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Diagnostic Imaging

 

Emergency physicians armed with point-of-care ultrasound (POCUS) may have all they need to diagnose children with suspected fractures of the distal forearm.

Researchers in Europe have combined ultrafast ultrasound with electroencephalography (EEG) to localize seizure sites in the brain microvasculature of newborn babies whose cortexes had developed abnormally.

MR enterography is an excellent performer when it comes to diagnosing active inflammation in children and adolescents with inflammatory bowel disease (IBD), especially at the per-patient (vs. per-lesion) level, according to a literature review conducted in South Korea and published online Oct. 9 in JAMA Pediatrics.

The effects of Zika virus on fetuses can be better analyzed using MRI over ultrasound as the imaging modality. According to ongoing research by the Children’s National Health System in Washington, D.C., MRI provides more detailed images that reveal more extensive areas of damage to the developing fetal brain.

Lumbar MRI is a high performer when it comes to presenting pediatric radiologists with images aimed at confirming or ruling out spondylolysis, a common cause of low back pain among young athletes.

 

Recent Headlines

POCUS up to the task of finding, ruling out pediatric forearm fractures

Emergency physicians armed with point-of-care ultrasound (POCUS) may have all they need to diagnose children with suspected fractures of the distal forearm.

NYU study involves CT findings in diagnosing cecal volvulus

A recent study conducted by four radiologists at New York University assessed the utility of CT features in the detection and official diagnosis of cecal volvulus.

Ultrasound helps find seizure sites in neonatal brains

Researchers in Europe have combined ultrafast ultrasound with electroencephalography (EEG) to localize seizure sites in the brain microvasculature of newborn babies whose cortexes had developed abnormally.

Pediatric IBD patients imaged gently, accurately with MR enterography

MR enterography is an excellent performer when it comes to diagnosing active inflammation in children and adolescents with inflammatory bowel disease (IBD), especially at the per-patient (vs. per-lesion) level, according to a literature review conducted in South Korea and published online Oct. 9 in JAMA Pediatrics.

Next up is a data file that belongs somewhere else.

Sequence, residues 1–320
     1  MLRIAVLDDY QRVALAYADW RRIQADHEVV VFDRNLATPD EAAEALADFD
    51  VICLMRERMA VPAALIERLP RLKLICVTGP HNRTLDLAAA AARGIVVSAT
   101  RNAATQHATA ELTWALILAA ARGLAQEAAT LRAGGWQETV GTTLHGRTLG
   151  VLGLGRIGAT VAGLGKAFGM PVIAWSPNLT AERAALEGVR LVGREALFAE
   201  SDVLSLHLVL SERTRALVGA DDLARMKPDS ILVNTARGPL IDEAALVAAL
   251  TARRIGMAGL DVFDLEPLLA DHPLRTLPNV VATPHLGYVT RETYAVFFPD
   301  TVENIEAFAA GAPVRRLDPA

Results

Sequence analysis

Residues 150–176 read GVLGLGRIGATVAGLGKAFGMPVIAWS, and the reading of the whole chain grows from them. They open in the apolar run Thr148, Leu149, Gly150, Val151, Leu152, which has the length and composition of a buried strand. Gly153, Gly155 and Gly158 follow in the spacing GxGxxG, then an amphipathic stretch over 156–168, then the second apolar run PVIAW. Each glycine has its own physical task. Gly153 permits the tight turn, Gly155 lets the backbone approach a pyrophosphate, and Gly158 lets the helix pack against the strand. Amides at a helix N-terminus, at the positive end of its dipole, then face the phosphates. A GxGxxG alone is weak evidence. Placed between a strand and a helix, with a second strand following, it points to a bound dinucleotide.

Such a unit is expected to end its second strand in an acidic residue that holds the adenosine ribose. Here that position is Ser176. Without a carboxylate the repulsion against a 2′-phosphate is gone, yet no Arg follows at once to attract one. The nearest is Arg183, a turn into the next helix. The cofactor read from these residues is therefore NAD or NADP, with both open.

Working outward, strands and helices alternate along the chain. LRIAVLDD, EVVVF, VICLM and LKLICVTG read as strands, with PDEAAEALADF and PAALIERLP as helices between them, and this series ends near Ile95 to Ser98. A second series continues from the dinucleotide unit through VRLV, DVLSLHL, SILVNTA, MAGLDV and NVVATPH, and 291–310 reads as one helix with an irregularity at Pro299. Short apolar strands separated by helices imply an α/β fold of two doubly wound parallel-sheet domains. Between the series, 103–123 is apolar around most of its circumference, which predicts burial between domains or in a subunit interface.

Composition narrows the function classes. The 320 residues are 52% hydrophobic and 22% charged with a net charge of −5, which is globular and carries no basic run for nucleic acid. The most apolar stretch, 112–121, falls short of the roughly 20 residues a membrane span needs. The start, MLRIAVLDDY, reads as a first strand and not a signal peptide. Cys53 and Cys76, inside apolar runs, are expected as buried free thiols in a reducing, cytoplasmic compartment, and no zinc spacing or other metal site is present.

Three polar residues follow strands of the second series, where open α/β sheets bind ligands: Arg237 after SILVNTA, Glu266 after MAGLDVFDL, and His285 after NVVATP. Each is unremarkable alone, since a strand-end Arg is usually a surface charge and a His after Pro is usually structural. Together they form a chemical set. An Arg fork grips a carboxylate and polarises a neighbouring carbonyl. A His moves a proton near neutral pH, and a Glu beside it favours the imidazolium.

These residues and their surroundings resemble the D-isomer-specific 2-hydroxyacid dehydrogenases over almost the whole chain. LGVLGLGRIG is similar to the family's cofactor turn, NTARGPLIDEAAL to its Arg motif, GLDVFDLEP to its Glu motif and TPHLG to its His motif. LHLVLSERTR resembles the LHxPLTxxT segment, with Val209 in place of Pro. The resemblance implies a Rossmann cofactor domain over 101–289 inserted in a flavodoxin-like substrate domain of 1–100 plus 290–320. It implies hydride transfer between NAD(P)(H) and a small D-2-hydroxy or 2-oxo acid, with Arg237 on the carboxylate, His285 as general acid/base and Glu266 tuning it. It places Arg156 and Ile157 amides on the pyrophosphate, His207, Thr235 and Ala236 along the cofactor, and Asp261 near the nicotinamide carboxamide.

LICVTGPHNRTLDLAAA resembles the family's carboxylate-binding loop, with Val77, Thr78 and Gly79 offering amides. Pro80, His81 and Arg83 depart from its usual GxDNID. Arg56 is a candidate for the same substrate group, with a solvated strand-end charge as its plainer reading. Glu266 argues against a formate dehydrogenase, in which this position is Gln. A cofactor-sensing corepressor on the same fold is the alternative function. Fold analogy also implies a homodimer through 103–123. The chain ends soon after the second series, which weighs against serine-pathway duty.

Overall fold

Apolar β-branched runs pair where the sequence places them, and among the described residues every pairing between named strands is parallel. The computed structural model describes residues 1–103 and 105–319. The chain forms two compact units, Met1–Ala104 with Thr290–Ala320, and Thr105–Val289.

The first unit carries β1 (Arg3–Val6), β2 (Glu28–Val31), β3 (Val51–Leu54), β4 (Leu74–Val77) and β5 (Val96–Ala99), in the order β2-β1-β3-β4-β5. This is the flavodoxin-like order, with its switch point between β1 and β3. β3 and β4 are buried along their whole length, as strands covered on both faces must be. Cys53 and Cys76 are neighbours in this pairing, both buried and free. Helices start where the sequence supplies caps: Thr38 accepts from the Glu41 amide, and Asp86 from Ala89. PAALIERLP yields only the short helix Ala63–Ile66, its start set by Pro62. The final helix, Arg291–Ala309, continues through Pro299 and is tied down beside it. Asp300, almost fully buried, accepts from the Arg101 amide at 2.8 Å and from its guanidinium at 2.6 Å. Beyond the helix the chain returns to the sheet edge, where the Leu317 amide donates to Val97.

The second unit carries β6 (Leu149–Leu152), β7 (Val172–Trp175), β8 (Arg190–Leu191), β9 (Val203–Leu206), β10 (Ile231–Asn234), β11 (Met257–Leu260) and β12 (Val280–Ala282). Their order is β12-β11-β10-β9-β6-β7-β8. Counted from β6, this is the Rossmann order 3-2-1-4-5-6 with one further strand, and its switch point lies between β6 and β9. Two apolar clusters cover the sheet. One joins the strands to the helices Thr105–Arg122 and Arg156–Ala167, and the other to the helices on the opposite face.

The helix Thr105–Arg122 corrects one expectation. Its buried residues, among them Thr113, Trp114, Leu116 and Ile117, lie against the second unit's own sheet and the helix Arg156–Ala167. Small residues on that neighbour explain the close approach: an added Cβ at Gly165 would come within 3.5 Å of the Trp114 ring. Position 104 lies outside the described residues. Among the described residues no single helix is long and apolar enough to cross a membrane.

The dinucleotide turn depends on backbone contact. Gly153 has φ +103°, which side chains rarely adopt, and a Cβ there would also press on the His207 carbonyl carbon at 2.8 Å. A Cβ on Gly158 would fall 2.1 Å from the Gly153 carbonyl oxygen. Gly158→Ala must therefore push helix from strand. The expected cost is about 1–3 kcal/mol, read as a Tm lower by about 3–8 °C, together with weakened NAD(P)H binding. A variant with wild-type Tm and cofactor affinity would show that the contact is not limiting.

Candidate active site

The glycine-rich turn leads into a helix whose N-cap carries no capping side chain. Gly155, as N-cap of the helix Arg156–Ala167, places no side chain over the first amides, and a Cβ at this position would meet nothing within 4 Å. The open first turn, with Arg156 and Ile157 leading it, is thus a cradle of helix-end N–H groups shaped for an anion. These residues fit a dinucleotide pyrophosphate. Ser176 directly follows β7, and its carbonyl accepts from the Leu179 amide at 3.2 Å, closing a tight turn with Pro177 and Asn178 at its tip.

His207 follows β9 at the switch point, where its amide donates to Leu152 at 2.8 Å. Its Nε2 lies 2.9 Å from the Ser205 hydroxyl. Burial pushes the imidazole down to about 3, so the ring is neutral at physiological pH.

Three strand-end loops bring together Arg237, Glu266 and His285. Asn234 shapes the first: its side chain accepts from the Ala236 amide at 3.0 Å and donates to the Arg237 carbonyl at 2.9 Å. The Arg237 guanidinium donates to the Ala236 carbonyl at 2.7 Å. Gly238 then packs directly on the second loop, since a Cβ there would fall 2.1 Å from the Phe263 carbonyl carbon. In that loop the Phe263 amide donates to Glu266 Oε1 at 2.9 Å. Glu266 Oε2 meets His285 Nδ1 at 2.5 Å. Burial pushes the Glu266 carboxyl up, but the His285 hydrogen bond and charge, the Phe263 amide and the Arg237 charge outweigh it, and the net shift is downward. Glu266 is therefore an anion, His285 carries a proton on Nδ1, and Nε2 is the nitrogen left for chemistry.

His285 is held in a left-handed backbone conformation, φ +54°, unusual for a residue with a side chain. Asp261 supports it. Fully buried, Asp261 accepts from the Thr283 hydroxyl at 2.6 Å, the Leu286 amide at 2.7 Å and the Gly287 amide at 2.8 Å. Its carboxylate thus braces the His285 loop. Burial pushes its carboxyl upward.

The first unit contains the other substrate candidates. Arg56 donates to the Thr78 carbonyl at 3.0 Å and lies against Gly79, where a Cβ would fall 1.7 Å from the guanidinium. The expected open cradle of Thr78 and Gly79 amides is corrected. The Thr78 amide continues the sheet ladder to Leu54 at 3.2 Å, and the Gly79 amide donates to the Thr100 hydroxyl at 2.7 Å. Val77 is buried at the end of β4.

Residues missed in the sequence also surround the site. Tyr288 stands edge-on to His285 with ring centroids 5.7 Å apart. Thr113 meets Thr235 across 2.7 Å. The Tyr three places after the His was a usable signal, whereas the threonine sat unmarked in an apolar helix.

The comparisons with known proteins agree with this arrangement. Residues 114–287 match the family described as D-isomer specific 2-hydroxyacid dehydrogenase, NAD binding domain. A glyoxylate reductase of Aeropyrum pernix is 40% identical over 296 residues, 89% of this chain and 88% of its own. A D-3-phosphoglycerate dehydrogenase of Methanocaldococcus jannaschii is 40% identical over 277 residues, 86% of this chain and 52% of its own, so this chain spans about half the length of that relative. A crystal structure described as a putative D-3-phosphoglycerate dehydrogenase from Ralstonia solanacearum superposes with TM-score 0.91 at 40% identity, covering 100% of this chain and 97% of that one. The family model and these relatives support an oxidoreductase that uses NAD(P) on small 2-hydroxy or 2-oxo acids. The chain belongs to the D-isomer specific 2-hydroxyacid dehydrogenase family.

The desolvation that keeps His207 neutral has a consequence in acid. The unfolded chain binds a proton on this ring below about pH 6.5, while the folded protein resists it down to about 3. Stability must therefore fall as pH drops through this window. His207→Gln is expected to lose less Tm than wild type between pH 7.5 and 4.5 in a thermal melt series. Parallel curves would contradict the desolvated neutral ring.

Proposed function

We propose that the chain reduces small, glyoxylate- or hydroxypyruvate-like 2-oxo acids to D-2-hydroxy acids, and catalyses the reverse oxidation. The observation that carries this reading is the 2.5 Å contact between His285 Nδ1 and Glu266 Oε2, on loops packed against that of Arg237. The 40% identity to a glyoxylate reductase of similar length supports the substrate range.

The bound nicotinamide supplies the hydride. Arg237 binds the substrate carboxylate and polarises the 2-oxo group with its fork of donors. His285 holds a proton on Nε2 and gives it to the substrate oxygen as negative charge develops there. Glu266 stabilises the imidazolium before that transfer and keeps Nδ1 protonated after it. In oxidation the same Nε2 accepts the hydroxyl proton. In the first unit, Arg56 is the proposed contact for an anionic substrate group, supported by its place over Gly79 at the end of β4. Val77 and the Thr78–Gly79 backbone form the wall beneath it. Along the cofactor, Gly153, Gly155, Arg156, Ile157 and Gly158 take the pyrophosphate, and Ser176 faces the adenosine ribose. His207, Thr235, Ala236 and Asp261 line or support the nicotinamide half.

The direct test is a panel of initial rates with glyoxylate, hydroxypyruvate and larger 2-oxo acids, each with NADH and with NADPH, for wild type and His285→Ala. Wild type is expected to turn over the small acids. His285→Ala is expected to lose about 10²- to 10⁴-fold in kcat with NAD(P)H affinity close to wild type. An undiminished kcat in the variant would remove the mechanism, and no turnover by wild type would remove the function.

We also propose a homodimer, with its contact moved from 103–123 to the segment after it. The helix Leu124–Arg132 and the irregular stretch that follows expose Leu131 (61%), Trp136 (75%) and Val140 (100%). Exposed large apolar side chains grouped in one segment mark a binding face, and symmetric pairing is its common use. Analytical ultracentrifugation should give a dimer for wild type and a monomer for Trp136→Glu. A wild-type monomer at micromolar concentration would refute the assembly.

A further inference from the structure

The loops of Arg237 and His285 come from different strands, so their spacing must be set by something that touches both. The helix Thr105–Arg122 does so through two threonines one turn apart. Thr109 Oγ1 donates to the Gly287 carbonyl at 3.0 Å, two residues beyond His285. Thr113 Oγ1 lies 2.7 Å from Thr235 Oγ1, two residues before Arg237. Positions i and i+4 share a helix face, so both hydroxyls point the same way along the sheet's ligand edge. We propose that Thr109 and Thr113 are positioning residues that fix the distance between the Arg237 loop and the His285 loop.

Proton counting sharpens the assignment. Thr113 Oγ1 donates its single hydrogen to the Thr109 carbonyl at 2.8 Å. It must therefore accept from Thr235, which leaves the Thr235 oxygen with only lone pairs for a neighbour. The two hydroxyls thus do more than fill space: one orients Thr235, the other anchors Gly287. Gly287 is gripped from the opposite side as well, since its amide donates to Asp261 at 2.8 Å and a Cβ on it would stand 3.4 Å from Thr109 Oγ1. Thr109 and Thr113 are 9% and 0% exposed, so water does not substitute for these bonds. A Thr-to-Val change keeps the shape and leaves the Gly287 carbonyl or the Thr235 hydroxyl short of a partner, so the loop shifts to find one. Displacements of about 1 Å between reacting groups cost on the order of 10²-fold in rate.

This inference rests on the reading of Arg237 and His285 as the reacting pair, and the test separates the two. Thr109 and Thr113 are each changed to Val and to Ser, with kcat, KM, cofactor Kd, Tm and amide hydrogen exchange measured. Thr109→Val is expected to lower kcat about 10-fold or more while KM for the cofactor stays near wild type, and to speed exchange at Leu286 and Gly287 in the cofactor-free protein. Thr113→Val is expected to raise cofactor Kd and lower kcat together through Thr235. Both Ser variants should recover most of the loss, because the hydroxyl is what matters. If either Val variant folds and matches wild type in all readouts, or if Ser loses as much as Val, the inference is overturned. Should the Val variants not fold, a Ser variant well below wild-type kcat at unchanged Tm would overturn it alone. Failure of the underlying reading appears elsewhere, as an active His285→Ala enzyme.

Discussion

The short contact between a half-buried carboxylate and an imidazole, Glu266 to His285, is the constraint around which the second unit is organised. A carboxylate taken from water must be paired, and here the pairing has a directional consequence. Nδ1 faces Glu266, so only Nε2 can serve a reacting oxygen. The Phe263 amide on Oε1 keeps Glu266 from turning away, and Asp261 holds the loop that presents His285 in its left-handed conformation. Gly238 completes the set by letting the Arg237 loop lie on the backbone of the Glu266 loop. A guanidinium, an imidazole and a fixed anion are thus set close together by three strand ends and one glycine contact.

MRI outperforms ultrasound in Zika-affected fetuses

The effects of Zika virus on fetuses can be better analyzed using MRI over ultrasound as the imaging modality. According to ongoing research by the Children’s National Health System in Washington, D.C., MRI provides more detailed images that reveal more extensive areas of damage to the developing fetal brain.

MRI important in reducing re-excision rates in surgical management of HG DCIS

A study in the European Journal of Radiology suggests MRI could be an important tool in reducing the re-excision rates in the management of high grade (HG) ductal carcinoma in situ (DCIS), when used in preoperative diagnosis and evaluation.

Lumbar MRI recommended over CT for diagnosing pediatric spondylolysis

Lumbar MRI is a high performer when it comes to presenting pediatric radiologists with images aimed at confirming or ruling out spondylolysis, a common cause of low back pain among young athletes.

Technologist educators could do more to get students active in professional orgs

Students training to become radiologic technologists in the U.S. could and probably should join at least one professional society, organization or association at the state or national level in order to optimize their access to up-to-date learning resources and opportunities. However, many accredited rad-tech education programs either don’t mandate such participation or give it sufficient financial support.

Children’s ERs choosing ultrasound over CT for tummy pain; general ERs encouraged to follow suit

Pediatric patients with nontraumatic abdominal pain are less likely to receive CT scans—and more likely to be imaged with ultrasound instead—in pediatric emergency departments than their peers taken to general emergency departments (EDs).

Paramedic-performed lung ultrasound deemed presently unfeasible

Patients experiencing respiratory distress are not well served by lung ultrasound administered by paramedics and remotely interpreted by emergency physicians, although this could change if training techniques advance along with telemedicine and ultrasound technologies.

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